Derby & Co Ltd v. Weldon No1  1 Lloyd’s Rep 122
The plaintiff companies sought substantial damages for, inter alia, breach of contract, negligence and breach of fiduciary duty, against the defendants who were former directors of some of the plaintiff companies. In response to the plaintiffs’ seeking Mareva injunctions within and outside the jurisdiction, the defendants denied that they had any, or any valuable, assets within the jurisdiction and they contested the court’s jurisdiction to grant an extra territorial Mareva injunction. At first instance, the plaintiffs succeeded in being granted a Mareva injunction in relation to assets within the jurisdiction but they failed to get one in relation to the assets outside the jurisdiction as this was said to be contrary to the court’s practice.
The Court of Appeal held, that
- this was a case ‘… which cries out for a worldwide Mareva injunction even though it is being sought before judgment. The amount involved and the findings of the judge [at first instance] … make this clear’ (per May LJ); and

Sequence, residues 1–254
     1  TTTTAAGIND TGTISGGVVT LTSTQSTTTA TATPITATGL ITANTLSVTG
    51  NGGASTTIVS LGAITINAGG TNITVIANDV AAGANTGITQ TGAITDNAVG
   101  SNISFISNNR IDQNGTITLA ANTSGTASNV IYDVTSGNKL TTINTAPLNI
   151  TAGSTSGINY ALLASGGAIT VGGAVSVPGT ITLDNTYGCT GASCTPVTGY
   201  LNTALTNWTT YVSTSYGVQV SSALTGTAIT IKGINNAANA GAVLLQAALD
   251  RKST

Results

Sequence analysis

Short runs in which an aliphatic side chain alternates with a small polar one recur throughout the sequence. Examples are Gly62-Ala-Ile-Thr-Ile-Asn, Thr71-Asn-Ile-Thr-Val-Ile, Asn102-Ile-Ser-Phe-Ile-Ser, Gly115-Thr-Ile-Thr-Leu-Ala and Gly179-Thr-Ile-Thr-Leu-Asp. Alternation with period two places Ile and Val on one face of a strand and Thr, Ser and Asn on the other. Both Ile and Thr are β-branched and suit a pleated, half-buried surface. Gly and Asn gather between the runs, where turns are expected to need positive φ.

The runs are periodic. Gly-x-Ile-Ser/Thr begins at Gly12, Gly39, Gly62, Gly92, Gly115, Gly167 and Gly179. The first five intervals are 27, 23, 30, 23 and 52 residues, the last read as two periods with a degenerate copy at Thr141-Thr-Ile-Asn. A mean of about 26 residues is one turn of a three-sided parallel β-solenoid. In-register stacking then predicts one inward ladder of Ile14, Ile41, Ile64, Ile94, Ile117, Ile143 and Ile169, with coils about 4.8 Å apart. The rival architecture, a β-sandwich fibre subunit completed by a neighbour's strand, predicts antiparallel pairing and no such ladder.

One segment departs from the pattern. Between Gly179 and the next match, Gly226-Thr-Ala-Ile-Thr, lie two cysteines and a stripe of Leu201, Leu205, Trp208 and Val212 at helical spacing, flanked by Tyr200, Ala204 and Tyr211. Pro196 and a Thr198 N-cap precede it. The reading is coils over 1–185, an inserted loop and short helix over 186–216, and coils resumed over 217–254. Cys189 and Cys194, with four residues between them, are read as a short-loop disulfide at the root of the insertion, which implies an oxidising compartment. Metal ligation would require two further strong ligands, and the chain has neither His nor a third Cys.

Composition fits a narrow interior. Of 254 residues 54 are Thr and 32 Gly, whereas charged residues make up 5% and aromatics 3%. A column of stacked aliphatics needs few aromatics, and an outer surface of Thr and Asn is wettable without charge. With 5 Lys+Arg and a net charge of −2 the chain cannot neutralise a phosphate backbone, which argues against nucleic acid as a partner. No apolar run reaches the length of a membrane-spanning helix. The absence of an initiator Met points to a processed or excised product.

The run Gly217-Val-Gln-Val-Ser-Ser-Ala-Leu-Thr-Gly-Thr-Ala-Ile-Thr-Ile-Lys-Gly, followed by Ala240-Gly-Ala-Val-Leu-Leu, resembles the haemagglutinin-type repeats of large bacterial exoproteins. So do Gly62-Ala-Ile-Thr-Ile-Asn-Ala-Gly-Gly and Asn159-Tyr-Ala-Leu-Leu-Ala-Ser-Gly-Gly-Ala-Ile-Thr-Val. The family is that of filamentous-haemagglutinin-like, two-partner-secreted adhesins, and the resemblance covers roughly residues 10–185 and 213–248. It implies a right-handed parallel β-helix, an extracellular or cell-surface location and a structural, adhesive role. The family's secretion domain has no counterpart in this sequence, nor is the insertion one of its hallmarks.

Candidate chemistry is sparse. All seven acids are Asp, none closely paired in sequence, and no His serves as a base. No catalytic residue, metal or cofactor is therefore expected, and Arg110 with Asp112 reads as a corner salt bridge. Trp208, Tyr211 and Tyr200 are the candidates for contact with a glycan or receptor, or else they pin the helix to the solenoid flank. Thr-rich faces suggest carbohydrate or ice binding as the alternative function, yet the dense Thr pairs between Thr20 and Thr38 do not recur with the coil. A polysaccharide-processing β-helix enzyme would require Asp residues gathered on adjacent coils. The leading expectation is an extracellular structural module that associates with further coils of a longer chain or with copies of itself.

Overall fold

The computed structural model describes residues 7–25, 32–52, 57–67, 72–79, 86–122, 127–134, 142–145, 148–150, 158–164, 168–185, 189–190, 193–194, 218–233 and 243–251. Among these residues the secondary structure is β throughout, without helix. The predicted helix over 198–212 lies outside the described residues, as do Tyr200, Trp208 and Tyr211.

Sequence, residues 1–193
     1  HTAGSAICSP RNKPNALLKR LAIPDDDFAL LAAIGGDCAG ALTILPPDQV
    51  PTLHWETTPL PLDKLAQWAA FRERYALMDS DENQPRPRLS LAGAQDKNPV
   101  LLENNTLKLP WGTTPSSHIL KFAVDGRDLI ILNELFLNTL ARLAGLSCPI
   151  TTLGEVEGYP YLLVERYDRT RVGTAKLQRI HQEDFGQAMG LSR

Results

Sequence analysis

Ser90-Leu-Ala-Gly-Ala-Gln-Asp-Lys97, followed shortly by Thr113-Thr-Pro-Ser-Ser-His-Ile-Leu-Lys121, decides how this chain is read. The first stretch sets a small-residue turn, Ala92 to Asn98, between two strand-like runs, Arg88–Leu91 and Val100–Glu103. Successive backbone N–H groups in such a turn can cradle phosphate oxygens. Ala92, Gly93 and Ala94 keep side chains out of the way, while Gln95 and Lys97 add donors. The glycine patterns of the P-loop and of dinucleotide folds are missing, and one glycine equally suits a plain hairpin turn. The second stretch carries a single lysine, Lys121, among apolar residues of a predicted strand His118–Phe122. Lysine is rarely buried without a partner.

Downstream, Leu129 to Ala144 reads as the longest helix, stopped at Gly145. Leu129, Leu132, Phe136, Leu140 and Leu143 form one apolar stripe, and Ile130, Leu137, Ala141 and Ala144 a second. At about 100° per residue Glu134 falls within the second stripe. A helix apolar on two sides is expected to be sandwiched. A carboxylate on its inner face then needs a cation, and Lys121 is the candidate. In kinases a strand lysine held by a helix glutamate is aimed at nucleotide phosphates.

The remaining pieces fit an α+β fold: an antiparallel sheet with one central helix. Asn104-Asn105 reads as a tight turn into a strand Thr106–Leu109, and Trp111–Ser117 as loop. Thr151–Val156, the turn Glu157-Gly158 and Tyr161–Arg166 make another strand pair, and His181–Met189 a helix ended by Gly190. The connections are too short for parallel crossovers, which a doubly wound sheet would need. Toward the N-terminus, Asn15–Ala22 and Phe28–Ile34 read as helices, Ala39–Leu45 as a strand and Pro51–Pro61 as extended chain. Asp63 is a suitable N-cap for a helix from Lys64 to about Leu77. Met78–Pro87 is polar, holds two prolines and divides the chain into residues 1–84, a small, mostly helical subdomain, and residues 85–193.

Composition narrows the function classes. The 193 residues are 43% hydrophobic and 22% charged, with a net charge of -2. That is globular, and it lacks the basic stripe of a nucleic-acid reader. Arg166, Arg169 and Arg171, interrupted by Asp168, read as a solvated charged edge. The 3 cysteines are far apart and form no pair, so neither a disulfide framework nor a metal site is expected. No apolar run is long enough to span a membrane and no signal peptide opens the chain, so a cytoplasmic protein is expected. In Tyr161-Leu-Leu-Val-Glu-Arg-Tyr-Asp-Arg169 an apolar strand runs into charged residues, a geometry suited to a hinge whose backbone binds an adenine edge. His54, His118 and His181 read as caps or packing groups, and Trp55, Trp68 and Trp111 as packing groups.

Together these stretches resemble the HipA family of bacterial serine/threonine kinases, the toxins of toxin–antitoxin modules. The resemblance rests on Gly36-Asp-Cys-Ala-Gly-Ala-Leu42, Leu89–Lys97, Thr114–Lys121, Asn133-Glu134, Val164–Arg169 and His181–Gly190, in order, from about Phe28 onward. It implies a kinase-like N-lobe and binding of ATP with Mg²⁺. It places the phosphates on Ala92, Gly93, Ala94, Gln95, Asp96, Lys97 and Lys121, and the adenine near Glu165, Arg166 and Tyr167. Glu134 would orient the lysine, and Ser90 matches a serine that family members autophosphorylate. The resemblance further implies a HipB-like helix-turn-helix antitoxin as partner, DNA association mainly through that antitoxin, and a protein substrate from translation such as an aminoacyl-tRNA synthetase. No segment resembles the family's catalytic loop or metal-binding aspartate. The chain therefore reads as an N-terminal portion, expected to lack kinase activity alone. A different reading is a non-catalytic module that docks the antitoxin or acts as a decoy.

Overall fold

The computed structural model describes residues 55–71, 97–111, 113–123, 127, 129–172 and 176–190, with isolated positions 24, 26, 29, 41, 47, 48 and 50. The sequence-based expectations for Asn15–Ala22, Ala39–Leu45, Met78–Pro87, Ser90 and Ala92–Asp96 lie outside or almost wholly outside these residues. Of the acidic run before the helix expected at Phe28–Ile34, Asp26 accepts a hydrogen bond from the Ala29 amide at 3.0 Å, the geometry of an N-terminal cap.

- ‘… there is every justification for a worldwide Mareva, so long as, by undertaking or proviso or a combination of both, (a) oppression of the defendants by way of exposure to a multiplicity of proceedings is avoided, (b) the defendants are protected against the misuse of information gained from the ordinary order for disclosure in aid of the Mareva, and (c) the position of third parties is protected’ (per Parker LJ).
Apart from the remarkable trio of 1989 cases above, one 1990 case added the relatively minor points that English courts should, as a general rule, confine themselves to assets within the jurisdiction, unless, of course, England was the forum for the substantive dispute between the parties. The court wouldn’t normally grant an extraterritorial Mareva injunction where the plaintiff was seeking merely to enforce a foreign judgment in England. See Rosseel v. Oriental Commercial Shipping  1 WLR 1387. Indeed, Rosseel took a more cautious approach than in Derby v. Weldon (No.6)  1 WLR 1139, where the Court of Appeal had decided that, in the exercise of its Mareva jurisdiction, it had the power to order the transfer of the defendant’s assets from one jurisdiction to another.
The significance of Art 27(2) of the Brussels Convention is that Mareva injunctions are frequently made ex-parte and so it would appear that the advantage of surprise obtained by the plaintiff is nullified by his inability to enforce the judgment in other Contracting States. Denilauler v. Couchet Frères (Case 125/79)  ECR 1553 is the ECJ authority for stating that an ex-parte order that is obtained in one Contracting State is not enforceable in another.